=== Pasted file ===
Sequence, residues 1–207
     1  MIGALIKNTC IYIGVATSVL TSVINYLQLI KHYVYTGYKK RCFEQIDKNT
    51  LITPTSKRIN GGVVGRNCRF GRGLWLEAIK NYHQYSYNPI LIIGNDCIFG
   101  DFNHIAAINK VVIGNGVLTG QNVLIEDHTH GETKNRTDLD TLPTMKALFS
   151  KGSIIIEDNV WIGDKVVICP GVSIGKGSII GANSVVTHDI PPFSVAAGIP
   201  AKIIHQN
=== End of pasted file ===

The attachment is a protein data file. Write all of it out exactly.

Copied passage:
Sequence, residues 1–207
     1  MIGALIKNTC IYIGVATSVL TSVINYLQLI KHYVYTGYKK RCFEQIDKNT
    51  LITPTSKRIN GGVVGRNCRF GRGLWLEAIK NYHQYSYNPI LIIGNDCIFG
   101  DFNHIAAINK VVIGNGVLTG QNVLIEDHTH GETKNRTDLD TLPTMKALFS
   151  KGSIIIEDNV WIGDKVVICP GVSIGKGSII GANSVVTHDI PPFSVAAGIP
   201  AKIIHQN